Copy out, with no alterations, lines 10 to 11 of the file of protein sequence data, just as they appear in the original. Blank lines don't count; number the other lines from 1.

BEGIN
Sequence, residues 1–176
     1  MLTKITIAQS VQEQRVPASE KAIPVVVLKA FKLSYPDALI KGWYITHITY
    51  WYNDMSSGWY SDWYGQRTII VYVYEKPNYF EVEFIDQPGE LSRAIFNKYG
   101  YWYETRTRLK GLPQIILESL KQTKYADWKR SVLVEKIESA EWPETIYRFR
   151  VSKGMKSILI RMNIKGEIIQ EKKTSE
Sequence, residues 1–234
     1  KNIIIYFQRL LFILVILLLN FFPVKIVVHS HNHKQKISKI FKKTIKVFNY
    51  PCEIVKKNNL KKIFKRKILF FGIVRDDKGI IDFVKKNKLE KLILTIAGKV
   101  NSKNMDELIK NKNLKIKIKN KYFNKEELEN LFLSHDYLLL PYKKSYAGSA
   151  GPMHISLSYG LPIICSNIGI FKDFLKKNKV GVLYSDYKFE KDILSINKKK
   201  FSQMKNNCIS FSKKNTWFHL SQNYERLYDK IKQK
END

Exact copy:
   151  GPMHISLSYG LPIICSNIGI FKDFLKKNKV GVLYSDYKFE KDILSINKKK
   201  FSQMKNNCIS FSKKNTWFHL SQNYERLYDK IKQK